Stay away from the beaches. Move to higher ground. Pack a survival kit. Peter Costello reckons a tsunami is on its way.
Predicting tsunamis is a risky business. The last Australian to try it was Adelaide house painter John Nash, who in January 1976 claimed that Adelaide was about to be wiped out by a massive wave. Some frightened South Australians sold their houses and fled inland. Businesses along the Glenelg foreshore suffered a drop in income. When the wave failed to appear, Nash judiciously declared “I’d give it an extra day.” It always pays to be a bit imprecise when predicting doom.
Peter is appropriately vague about the timing – it will come “at some stage” – but he is clear on where it will come from: China (“tsunami” is a Japanese word; he might’ve used “haixiao” instead). That’d be the China that is driving our mineral boom. You might think that if Costello believes Chinese growth is unsustainable and instability is just around the corner, he shouldn’t be giving out tax cuts based on a continuation of the current boom. But that’s 25 November thinking.
The Treasurer has escalated his doomsday rhetoric very quickly since Tuesday’s inflation figures. Before that, he was declaring that Australians would be worse off with Labor’s tax cuts. On Tuesday he started warning of a Labor recession. Today it’s a tsunami.
Costello needs to pace himself. We won’t even be into November before Kevin Rudd becomes one of the Four Horsemen of the Apocalypse. Perhaps Costello’s religious background will come through and we’ll start getting fire-and-brimstone sermons. If nothing else, that should liven the campaign up.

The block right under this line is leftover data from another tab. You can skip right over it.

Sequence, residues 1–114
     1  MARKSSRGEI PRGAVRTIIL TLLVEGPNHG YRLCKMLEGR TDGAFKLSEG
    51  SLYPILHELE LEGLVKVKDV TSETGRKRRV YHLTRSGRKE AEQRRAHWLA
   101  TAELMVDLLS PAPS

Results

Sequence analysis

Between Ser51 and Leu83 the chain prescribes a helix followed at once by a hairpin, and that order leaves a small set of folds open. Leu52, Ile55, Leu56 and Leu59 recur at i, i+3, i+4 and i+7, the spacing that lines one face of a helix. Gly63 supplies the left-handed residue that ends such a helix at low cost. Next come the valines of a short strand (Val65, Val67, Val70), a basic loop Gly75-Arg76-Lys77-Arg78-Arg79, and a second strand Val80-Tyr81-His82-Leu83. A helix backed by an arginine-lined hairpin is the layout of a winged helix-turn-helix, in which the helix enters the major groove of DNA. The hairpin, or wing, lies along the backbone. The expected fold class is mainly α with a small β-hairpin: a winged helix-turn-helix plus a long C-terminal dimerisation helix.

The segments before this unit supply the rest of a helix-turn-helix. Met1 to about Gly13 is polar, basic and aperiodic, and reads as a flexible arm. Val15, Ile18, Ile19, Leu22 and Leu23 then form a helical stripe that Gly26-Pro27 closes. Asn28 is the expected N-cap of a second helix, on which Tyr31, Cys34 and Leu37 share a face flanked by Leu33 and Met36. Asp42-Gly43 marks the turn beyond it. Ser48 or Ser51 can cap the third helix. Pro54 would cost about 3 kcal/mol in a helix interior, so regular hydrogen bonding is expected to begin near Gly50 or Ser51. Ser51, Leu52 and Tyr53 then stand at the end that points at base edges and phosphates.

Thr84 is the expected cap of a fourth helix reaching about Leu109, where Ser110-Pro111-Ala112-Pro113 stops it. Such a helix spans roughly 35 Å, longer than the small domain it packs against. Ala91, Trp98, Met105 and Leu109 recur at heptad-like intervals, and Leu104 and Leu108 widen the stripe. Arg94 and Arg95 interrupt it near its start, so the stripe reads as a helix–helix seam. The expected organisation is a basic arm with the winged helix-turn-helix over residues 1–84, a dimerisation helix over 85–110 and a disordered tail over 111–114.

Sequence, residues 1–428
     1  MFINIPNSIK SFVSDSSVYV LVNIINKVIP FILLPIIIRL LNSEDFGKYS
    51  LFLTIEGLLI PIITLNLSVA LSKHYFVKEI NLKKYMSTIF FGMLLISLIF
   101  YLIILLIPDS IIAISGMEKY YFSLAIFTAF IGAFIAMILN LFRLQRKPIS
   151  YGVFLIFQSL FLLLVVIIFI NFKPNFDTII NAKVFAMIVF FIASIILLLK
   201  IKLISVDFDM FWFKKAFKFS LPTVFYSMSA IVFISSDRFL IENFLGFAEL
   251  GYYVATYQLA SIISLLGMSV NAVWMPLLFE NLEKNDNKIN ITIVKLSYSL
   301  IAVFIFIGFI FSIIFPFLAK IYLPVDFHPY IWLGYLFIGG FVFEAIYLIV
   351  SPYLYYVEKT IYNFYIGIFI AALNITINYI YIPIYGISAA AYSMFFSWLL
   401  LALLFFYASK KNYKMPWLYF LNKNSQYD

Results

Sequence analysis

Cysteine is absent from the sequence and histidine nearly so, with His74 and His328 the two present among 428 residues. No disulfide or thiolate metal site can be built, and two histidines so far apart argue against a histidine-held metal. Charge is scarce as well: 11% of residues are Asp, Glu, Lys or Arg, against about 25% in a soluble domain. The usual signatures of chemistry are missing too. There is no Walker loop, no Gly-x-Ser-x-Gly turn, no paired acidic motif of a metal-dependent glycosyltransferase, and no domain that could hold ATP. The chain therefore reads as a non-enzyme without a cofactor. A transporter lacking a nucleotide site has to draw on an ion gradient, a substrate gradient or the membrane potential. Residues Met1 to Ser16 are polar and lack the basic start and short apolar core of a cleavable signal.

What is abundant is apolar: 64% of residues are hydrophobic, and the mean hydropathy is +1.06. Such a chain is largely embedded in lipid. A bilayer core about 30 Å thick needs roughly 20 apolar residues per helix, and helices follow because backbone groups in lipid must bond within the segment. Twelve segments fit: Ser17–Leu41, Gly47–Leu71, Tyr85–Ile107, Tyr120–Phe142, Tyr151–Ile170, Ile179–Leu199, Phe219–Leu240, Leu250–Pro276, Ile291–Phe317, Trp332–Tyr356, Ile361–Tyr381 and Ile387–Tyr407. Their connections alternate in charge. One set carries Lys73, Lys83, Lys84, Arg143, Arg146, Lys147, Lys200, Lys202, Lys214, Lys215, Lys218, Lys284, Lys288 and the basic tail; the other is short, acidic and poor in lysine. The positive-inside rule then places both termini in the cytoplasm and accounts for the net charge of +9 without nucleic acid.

Of course, all of this is a continuation of Costello’s ceaseless mimicking of Paul Keating. His current stoush with the banks is virtually copied from Keating’s run-ins with NAB’s Nobby Clark in the 1980s. It may set serious commentators tut-tutting, but given the contempt in which banks are held by most people, Costello can’t lose from getting stuck into them.
If anything, he should ramp up the abuse – it’s a better response to the looming interest rate rise than insisting that things would be even worse under Labor. And John Howard, who criticised Keating for his attacks on NAB, presumably doesn’t mind so much when his own side does it.
Problem is, Costello only copies Keating’s rhetoric. Keating walked the walk. Costello settles for talking the talk. Right down to the drunken promise to retreat to the backbench and destroy his leader. If he’d done that, he might now be leading the Government’s campaign.
And, as things stand, he wouldn’t be doing any worse than the Prime Minister.